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Natural Wonders

Watch: Remarkable Time-Lapse Shows A Cube Being Absorbed By Magnetic Putty

Science has taken our breath away all over again.

Screen Shot: Scott Lawson (via YouTube).

Predominantly, Mpora is an action sports and adventure website. I think we’re all agreed on that. Ever so often however, along comes something that’s so unbelievably mind-melting we just have to share it with you.

We felt that way about all the red hot nickel ball videos we insisted on showing you, and we felt that way about the optical illusion that made black and white photographs appear in colour. Some of you loved these videos, and some of you…well…let’s say just say that some of you didn’t love them half as much.

Screen Shot: Scott Lawson (via YouTube).

If you count yourself in the latter group of opinion-holders, you might want to look away now. Why? Because we’ve stumbled across another odd science thing. It’s weirdly enjoyable, enjoyably weird, and we feel utterly compelled to show it to as many people as possible (including you).

Without further ado, let’s introduce you to this cool time-lapse video of magnetic putty “eating” a magnetic cube. It was recorded over one and a half hours at 3fps, and is played back at 24fps. It’s a hypnotic viewing experience, and one that we’ve already watched multiple times. So go on, prepare to be amazed, and give it a look. You won’t regret it.

Now, for the science bit. How exactly does it work? Well according to the description on YouTube, ferromagnetic particles in the putty are strongly attracted to the magnet (hence why it ultimately engulfs it). The magnet used is a super strong neodymium iron boron magnet, and considered to be a highly powerful one relative to magnets of a similar size.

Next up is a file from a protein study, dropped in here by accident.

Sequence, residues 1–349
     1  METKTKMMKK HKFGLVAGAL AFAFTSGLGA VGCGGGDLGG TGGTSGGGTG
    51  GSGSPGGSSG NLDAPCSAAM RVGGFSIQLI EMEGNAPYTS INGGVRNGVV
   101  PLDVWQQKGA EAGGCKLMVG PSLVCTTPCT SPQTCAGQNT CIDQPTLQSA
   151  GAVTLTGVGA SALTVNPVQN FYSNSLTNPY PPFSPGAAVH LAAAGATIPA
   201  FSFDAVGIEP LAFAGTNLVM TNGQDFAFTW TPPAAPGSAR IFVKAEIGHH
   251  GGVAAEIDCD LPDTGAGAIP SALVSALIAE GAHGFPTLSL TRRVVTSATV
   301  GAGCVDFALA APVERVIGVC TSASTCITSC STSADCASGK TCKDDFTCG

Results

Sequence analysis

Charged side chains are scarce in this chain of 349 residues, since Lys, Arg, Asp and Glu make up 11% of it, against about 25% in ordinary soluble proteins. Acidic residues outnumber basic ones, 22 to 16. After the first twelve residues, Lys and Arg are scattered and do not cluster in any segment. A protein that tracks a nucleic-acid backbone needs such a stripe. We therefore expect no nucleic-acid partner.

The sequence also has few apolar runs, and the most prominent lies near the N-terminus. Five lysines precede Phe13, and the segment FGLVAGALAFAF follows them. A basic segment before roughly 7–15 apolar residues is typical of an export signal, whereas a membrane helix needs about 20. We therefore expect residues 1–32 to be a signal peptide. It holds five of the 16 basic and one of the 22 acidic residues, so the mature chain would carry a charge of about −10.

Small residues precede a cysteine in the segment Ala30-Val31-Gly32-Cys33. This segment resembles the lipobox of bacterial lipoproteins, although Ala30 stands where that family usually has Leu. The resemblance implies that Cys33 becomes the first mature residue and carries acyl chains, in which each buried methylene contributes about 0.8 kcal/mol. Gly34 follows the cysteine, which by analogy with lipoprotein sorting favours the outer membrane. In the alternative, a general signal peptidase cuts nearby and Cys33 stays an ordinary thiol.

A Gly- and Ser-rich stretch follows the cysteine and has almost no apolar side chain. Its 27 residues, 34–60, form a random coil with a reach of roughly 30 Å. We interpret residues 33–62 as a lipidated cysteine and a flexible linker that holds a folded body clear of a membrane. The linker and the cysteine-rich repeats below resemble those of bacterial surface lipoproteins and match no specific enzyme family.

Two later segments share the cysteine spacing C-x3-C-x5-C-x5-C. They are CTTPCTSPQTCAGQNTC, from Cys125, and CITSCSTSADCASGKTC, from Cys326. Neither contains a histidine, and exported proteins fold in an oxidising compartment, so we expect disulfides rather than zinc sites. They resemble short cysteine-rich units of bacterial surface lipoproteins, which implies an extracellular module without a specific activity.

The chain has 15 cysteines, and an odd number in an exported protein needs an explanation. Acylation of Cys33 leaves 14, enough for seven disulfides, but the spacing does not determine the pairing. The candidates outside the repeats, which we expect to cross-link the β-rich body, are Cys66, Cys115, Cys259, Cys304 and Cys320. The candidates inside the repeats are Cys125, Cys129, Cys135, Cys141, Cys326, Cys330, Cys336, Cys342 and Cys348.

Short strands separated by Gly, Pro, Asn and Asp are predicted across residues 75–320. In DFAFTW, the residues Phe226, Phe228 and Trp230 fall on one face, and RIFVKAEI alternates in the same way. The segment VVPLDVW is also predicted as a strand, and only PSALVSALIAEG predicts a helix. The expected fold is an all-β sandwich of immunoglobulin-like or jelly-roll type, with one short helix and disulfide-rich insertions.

The putty looks and supposedly feels like regularly silly putty. Unlike regular silly putty though this little grey blob has been infused with millions (yes, millions!) of micron-sized ferrous particles. Interestingly, the magnetic putty is not actually magnetic in and of itself since the infused particles are made of iron powder.

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The iron powder (aka the ferromagnetic particles in the putty) is magnetised by the strong neodymium iron boron magnet. When this happens, the ferrous particles align with each other. This alignment creates the north and south poles, transforming the putty into an extremely hungry temporary magnet.

This strange change to the putty lasts for only a few hours before the surrounding thermal influences shake the particles, and make them lose their alignment.

Whether or not you fully understand the science behind this, I think we can all agree that watching this process happen is a real brain-blowing experience.

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